In the second interim analysis of the phase III CATNON trial reported in The Lancet Oncology, Martin J. van den Bent, MD, PhD, and colleagues found that adjuvant temozolomide—but not temozolomide concurrent with radiotherapy—was associated with an overall survival benefit in patients with newly diagnosed 1p/19q non-codeleted anaplastic glioma. Benefit was driven by outcomes in patients with IDH1/IDH2 mutation.
Martin J. van den Bent, MD, PhD
In the open-label trial, 751 patients with newly diagnosed disease from sites in Australia, Europe, and North America were randomly assigned 1:1:1:1 between December 2007 and September 2015 to receive:
The primary endpoint was overall survival in the intention-to-treat population.
Median follow-up was 55.7 months (interquartile range = 41.0–77.3 months). Futility of concurrent temozolomide vs no concurrent temozolomide was declared: median overall survival was 66.9 months (95% confidence interval [CI] = 45.7–82.3 months) with concurrent temozolomide vs 60.4 months (95% CI = 45.7–71.5 months) without concurrent temozolomide (hazard ratio [HR] = 0.97, 99.1% CI = 0.73–1.28, P = .76). Adjuvant temozolomide improved overall survival vs no adjuvant temozolomide: median overall survival was 82.3 months (95% CI = 67.2–116.6 months) with adjuvant temozolomide vs 46.9 months (95% CI =37.9–56.9 months) with no adjuvant temozolomide (HR = 0.64, 95% CI = 0.52–0.79, P < .0001).
Among all patients, median overall survival was 19.9 months (95% CI = 16.8–22.7 months) among patients with IDH1 and IDH2 wild-type tumors vs 98.4 months (95% CI = 85.2–116.6 months) among those with IDH1- or IDH2-mutant tumors (approximately 60% of population; HR = 0.14, 95% CI = 0.12–0.18, P < .0001). Among patients with IDH1 and IDH2 wild-type tumors, neither concurrent nor adjuvant temozolomide improved overall survival vs radiotherapy alone. Among patients with IDH1- or IDH2-mutant tumors, adjuvant temozolomide improved overall survival vs no adjuvant temozolomide, but no benefit was observed for concurrent temozolomide vs no concurrent temozolomide. Tests for interaction showed that IDH1 and IDH2 mutation status was highly significant for benefit of adjuvant temozolomide (P = .001), but not for concurrent temozolomide (P = .29).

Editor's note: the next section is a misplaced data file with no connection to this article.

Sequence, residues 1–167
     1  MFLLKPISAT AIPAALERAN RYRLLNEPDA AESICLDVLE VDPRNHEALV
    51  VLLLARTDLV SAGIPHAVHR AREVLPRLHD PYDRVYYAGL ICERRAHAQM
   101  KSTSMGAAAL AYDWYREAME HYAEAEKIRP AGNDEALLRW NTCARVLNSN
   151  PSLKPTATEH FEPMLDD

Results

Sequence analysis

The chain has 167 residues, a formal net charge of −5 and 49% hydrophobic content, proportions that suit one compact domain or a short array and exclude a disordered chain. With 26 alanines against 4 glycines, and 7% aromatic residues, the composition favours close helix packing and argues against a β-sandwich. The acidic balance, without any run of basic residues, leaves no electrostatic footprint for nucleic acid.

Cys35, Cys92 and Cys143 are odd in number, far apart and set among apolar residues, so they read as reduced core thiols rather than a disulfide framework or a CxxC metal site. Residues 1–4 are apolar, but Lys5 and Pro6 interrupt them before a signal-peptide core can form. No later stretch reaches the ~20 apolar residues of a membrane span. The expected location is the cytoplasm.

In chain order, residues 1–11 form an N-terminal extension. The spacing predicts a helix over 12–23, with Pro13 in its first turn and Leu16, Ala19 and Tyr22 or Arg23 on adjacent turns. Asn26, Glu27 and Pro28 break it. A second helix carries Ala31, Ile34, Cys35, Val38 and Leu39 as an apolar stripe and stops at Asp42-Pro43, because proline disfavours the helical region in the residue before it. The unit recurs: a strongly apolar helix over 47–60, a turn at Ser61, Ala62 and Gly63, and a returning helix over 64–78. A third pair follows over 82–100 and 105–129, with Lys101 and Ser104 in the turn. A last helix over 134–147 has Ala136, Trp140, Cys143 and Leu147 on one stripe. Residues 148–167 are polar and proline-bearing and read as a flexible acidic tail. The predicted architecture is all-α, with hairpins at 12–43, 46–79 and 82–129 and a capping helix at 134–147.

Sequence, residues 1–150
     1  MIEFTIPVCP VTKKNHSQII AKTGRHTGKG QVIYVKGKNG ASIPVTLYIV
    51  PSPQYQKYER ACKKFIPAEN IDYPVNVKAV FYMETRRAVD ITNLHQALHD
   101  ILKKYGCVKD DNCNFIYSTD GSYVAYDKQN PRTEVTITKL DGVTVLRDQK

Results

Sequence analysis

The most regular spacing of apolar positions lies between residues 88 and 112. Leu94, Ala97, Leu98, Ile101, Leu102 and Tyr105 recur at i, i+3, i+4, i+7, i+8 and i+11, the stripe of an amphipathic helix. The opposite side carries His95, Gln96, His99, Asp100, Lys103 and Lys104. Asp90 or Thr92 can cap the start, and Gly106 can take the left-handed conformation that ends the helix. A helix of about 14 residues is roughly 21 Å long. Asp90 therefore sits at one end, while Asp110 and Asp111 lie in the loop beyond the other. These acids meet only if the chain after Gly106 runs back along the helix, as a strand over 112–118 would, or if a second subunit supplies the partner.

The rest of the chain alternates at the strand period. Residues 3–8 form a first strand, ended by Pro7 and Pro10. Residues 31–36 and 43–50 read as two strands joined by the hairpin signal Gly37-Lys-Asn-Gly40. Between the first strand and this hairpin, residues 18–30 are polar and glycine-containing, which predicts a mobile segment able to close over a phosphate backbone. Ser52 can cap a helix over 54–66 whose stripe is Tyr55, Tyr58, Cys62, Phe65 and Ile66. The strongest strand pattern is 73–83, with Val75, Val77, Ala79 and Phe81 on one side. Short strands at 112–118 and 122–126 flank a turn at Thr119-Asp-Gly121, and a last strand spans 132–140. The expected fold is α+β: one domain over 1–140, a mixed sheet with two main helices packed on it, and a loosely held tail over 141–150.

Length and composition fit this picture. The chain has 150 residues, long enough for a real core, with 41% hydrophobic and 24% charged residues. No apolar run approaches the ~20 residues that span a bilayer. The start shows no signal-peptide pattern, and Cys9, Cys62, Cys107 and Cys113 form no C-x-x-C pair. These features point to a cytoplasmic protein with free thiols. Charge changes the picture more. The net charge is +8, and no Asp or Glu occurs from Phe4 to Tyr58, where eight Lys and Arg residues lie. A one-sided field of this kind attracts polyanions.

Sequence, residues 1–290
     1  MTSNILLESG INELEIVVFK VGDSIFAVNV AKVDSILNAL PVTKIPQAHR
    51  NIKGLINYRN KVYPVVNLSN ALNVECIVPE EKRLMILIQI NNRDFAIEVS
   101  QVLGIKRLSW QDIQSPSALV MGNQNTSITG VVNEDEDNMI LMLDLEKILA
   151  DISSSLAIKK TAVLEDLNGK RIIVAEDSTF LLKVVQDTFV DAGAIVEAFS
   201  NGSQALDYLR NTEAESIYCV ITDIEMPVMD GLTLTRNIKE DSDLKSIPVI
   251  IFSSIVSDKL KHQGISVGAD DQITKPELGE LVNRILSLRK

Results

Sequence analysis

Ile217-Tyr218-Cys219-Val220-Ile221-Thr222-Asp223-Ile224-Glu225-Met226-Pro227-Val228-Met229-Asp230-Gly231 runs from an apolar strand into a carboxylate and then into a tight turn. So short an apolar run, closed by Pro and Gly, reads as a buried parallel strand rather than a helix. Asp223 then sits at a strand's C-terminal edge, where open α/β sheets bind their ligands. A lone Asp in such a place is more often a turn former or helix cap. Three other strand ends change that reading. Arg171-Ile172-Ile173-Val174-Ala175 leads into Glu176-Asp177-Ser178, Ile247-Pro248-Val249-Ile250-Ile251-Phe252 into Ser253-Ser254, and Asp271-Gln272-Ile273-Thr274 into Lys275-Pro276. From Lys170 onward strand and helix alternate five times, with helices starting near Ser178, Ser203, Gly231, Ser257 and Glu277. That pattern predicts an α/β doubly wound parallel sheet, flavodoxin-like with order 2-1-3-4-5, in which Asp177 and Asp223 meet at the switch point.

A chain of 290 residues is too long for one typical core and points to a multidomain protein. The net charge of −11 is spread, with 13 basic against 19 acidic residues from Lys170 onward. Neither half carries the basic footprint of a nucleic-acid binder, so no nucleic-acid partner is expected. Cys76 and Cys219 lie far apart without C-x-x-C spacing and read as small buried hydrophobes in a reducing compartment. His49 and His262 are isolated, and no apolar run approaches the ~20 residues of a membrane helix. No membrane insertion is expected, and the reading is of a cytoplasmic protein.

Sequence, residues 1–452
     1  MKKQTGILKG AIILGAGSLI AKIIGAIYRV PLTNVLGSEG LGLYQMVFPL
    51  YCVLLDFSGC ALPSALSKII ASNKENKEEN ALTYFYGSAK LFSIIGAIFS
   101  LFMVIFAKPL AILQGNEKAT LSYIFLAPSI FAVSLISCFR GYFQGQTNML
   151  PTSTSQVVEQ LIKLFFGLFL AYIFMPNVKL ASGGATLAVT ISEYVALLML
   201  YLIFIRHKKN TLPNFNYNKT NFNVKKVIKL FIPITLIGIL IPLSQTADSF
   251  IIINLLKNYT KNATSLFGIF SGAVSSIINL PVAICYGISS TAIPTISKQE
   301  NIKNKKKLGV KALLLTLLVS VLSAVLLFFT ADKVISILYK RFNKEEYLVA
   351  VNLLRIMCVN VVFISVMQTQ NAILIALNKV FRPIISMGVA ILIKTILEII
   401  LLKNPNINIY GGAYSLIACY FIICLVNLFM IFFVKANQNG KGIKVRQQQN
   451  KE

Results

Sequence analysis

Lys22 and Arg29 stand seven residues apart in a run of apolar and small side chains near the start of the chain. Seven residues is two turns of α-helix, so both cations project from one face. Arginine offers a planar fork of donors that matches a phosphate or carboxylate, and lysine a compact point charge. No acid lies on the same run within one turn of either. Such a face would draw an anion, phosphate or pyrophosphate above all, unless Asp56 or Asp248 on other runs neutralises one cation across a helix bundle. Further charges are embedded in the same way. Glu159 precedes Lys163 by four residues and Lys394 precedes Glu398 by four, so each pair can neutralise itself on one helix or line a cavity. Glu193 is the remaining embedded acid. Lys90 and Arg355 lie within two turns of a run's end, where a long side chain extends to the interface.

Nonhematologic grade 3 and 4 adverse events were rare. Grade 3 and 4 hematologic adverse events (none in the radiotherapy-only group) occurred in 15% of the combined adjuvant temozolomide groups and 9% of the concurrent temozolomide group, including thrombocytopenia in 10% vs 8% and neutropenia in 7% vs 3%. Treatment was discontinued due to adverse events in 4% of patients receiving concurrent temozolomide, 8% of patients receiving adjuvant temozolomide, and 15% of patients receiving concurrent and adjuvant temozolomide. No treatment-related deaths were reported.
The investigators concluded, “Adjuvant temozolomide chemotherapy, but not concurrent temozolomide chemotherapy, was associated with a survival benefit in patients with 1p/19q non–co-deleted anaplastic glioma. Clinical benefit was dependent on IDH1 and IDH2 mutational status.”
Dr. van den Bent, of the Brain Tumor Center at Erasmus MC Cancer Institute, Rotterdam, is the corresponding author for The Lancet Oncology article.
Disclosure: The study was funded by Merck Sharpe & Dohme. For full disclosures of the study authors, visit thelancet.com.The content in this post has not been reviewed by the American Society of Clinical Oncology, Inc. (ASCO®) and does not necessarily reflect the ideas and opinions of ASCO®.